wisdom literature


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wisdom literature

n.
The body of religious or philosophical writings that communicate wisdom by means of proverbs or parables. Also called sapiential literature.
ThesaurusAntonymsRelated WordsSynonymsLegend:
Noun1.wisdom literature - any of the biblical books (Proverbs, Ecclesiastes, Song of Songs, Wisdom of Solomon, Ecclesiasticus) that are considered to contain wisdom
religious text, religious writing, sacred text, sacred writing - writing that is venerated for the worship of a deity
Book of Proverbs, Proverbs - an Old Testament book consisting of proverbs from various Israeli sages (including Solomon)
Book of Ecclesiastes, Ecclesiastes - an Old Testament book consisting of reflections on the vanity of human life; is traditionally attributed to Solomon but probably was written about 250 BC
Canticle of Canticles, Canticles, Song of Solomon, Song of Songs - an Old Testament book consisting of a collection of love poems traditionally attributed to Solomon but actually written much later
Ben Sira, Ecclesiasticus, Sirach, Wisdom of Jesus the Son of Sirach - an Apocryphal book mainly of maxims (resembling Proverbs in that respect)
Wisdom of Solomon, Wisdom - an Apocryphal book consisting mainly of a meditation on wisdom; although ascribed to Solomon it was probably written in the first century BC
References in periodicals archive ?
Ecclesiastes is part of a literary corpus called "wisdom literature." Significantly, the wisdom perspective was common to wider ancient Near Eastern culture and not merely to Israel, even when Hebrew wisdom, canonized in the text of the Old Testament, has remained with us more than its ancient counterparts.
"But there's absolutely no evidence of it." As he sees it, the aphorism is a different thing altogether from what he calls "wisdom literature".
Firdawsi includes three pieces of wisdom literature attributed to Ardashir: his a'in (customs and practices), andarz (advice) to his high officials, also called his khutba (throne speech), and his'ahd (testament), addressed to his son and successor Shapur or to his heirs collectively.
vital additions to that body of writing called wisdom literature. (10)
(A reader might be surprised to discover that the Jewish scriptures contain more than one, or even two, treatments of the origins of the natural world.) This culminates with a marvelous exegesis of the oldest and murkiest wisdom literature of the Jewish/Christian scriptures: the Book of Job.
Among the topics are ethics in the wisdom literature of the Old Testament, literary and linguistic matters in the book of Proverbs, reading Qohelet's building experiment with psychoanalytic spatial theory, the absence of wisdom in the wilderness, and Ben Sira's table manners and the social setting of his book.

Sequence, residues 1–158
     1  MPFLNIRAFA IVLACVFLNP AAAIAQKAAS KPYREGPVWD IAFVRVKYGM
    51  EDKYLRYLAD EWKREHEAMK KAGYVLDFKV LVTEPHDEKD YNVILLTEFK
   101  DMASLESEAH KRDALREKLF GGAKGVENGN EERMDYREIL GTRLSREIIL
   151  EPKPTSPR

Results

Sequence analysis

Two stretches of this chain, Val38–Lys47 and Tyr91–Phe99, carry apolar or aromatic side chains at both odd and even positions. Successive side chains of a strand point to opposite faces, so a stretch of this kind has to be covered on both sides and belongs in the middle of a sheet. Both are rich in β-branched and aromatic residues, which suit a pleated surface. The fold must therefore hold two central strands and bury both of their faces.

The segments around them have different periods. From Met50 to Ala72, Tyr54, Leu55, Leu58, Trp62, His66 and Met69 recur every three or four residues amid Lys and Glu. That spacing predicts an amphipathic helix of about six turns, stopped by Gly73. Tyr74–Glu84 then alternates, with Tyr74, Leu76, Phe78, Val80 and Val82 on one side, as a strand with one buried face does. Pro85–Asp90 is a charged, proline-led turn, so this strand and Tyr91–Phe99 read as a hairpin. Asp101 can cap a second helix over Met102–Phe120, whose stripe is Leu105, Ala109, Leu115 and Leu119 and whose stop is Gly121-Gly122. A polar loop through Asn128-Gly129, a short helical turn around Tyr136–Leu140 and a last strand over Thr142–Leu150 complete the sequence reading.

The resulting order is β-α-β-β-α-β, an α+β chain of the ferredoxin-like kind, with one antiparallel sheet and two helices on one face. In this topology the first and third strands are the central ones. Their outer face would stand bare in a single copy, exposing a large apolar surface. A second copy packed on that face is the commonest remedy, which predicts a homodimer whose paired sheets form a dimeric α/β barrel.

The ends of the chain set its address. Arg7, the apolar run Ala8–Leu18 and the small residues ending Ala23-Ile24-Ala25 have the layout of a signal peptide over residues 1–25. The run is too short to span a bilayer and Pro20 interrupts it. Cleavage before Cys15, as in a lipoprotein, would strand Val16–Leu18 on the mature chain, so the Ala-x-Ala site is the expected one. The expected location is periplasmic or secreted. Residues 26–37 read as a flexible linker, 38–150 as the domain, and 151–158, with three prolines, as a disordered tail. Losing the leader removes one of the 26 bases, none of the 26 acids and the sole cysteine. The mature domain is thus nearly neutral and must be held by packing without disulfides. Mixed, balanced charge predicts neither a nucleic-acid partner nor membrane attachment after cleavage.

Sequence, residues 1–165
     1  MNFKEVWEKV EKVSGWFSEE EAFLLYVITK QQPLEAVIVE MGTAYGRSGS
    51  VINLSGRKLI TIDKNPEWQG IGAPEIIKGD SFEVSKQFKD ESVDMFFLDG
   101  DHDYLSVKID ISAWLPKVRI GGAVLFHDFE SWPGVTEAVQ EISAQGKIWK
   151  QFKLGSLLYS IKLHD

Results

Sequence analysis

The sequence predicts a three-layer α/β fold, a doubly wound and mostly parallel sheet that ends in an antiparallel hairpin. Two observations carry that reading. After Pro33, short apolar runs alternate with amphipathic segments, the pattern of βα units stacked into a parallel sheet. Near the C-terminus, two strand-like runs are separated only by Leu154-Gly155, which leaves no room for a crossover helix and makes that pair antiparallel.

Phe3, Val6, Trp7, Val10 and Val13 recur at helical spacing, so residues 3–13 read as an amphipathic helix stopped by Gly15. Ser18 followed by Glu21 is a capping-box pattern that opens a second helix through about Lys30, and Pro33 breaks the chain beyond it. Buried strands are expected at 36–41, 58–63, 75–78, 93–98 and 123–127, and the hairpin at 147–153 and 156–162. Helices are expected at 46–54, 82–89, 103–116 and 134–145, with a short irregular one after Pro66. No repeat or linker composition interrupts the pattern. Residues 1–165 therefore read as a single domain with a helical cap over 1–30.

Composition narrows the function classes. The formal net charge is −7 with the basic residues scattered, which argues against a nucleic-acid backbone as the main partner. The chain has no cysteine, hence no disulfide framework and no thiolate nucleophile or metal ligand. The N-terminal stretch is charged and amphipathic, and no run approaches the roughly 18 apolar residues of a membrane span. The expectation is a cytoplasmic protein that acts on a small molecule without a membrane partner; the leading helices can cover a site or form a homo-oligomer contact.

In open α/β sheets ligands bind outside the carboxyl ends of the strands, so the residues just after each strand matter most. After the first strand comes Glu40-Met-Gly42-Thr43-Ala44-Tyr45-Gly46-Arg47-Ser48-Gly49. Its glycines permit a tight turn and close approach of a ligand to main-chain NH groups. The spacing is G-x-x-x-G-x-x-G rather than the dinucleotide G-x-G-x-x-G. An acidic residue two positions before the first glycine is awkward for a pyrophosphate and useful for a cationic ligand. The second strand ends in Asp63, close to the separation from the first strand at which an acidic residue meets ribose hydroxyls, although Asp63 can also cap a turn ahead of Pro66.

Hermeneutics is the theory and methodology of text interpretation, especially the interpretation of biblical texts, wisdom literature, and philosophical texts.
The editors note that their scholarly interests intersect in wisdom literature and have therefore subtitled the Festschrift with a phrase from the prologue to the Book of Sirach, "opportunity for no little instruction." The underlying themes through which the essays of the volume coalesce include Harrington and Clifford's shared concern for the Jewish world of the New Testament and the reappropriation of texts and traditions in new faith contexts.
The actual texts included are too numerous to mention here, but among them are the Septuagint; the Book of Jubilees; Pseudo-Philo's Book of Biblical Antiquities; generous selections of the writings of Philo and Josephus; various testaments, including the Testament of Abraham and the Testaments of the Twelve Patriarchs; wisdom literature, such as the Wisdom of Solomon and the Wisdom of Ben Sira; stories set in biblical and early post-biblical times, such as Joseph and Asenath, Judith, and Tobit; historical writings from post-biblical times, including 1 and 2 Maccabees; and numerous sectarian texts found at Qumran, such as the Rule of the Community and the Temple Scroll.
After posing a particular contemporary problem where wisdom is sorely needed, each group meeting begins with spiritual exercises, including considering an event or teaching from the life of Jesus, an Old Testament passage from the wisdom literature, and a time of silent waiting with the goal of experiencing the light of Christ in the present moment.
I am not really a big fan of "self-help" literature; I think of the books I have referred to as "wisdom literature".
Adams arranges his results in five chapters: family life and marriage, the status of women and children, work and financial exchanges, taxation and the role of the state, and the ethics of wealth and poverty in wisdom literature and apocalyptic.